Nitro Radeon R9 Fury Uncovered
Typically when I go to remove a video card heatsink there are four to six screws holding the cooler in place. With the Nitro Fury there were 19! It would seem that the screws holding the back plate on are shouldered and pass directly through to the Tri-X cooler.
While you have to remove 19 screws to remove the heatsink only 11 are connected to the backplate. Removing this exposes a single heat connection and thermal pad right above the Sapphire VRM.
The corresponding area on the backplate is also exposed while the rest of the aluminum is protected with plastic insulation.
Sapphire is no stranger to large video card heatsinks and the Nitro cooler is no exception. Under the fan shroud you will find four large diameter heatpipes that snake across each other near the cold plate. They all terminate on the long side of the heatsink but loop back on the short side.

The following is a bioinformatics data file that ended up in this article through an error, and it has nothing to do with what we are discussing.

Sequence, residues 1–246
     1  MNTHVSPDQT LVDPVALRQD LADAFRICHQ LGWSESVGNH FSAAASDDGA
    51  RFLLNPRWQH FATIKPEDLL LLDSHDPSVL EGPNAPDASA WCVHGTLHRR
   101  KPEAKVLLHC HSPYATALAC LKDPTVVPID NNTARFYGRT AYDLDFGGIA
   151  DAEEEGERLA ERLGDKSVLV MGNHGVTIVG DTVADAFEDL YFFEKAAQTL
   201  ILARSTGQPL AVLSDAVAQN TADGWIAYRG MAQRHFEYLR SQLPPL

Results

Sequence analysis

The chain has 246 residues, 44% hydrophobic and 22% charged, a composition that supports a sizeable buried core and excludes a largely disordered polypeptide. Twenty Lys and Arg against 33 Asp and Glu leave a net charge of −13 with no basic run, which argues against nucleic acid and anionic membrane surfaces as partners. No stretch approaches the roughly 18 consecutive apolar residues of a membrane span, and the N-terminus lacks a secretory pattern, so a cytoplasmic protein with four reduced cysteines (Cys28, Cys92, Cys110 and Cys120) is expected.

Interestingly enough the aluminum baseplate covers most of the heatpipe interaction leaving a subtle copper glow underneath.
As mentioned before the Sapphire Nitro Radeon R9 Fury is a very compact video card. At the center you will see the large Fury GPU with integrated HBM memory modules. The area directly around the GPU is completely clear as it would normally be reserved for GDDR5 memory chips.
You may also notice the finned chokes as part of the VRM. These are a trademark item you get when Sapphire does an original board design. They may not provide any real cooling but look cool.
The VRM contains 7 power phases in what appears to be a split 4+3 design. Or could just be a random place for a screw hole. All 7 power mosfets are directly connected to the heatsink and yet are separated from the main GPU cooler. The heat is instead absorbed by the aluminum baseplate and also transferred to the aluminum backplate.